In previous studies, it has been suggested that chilling induced activation of human platelets is related to a lipid phase transition seen in membrane lipids. Those studies showed a single, surprisingly cooperative transition in human platelets, as determined by Fourier transform infrared (FTIR) spectroscopy, findings that are confirmed here with calorimetric measurements. Such transitions have now been studied in membrane fractions obtained from the platelets and it is reported that all fractions and purified phospholipids show similar transitions. In order to obtain these data it was necessary to develop means for separating these fractions. Therefore, a novel method for isolation and separation of dense tubular system (DTS) and plasma membranes in human platelets is described here. Lipid analysis showed that phosphatidylcholine (PC) and phosphatidylethanolamine (PE) were the dominant phospholipids in both fractions, whereas cholesterol and sphingomyelin (SM) were predominantly located in the plasma membranes. Thermotropic phase transitions in the two membrane fractions, determined by differential scanning calorimetry (DSC) and FTIR spectroscopy were found to occur at about 15°C, similar to the T(m) of intact human platelets. These data are discussed in relation to the role of the DTS and plasma membranes in the cold-induced activation of human platelets.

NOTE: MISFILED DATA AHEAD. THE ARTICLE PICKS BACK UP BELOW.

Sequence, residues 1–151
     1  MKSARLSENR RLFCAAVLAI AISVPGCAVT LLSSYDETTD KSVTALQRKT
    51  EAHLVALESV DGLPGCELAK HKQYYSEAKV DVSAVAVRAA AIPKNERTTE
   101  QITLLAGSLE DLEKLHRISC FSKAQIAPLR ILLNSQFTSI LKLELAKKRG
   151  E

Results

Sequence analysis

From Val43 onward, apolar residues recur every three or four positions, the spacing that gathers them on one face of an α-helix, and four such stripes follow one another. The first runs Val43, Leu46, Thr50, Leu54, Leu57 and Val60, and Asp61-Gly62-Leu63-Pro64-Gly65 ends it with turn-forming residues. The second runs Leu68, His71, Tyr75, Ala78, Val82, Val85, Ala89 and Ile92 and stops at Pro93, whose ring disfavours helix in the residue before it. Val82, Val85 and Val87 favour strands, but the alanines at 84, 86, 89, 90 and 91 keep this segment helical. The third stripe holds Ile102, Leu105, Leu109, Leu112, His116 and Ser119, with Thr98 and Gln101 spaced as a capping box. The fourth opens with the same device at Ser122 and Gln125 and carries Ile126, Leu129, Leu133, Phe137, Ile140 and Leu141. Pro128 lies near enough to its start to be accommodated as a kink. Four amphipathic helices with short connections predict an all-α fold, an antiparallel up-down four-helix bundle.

- Dense tubular system membranes
- Plasma membranes
- Thermal phase transition
ASJC Scopus subject areas
- Cell Biology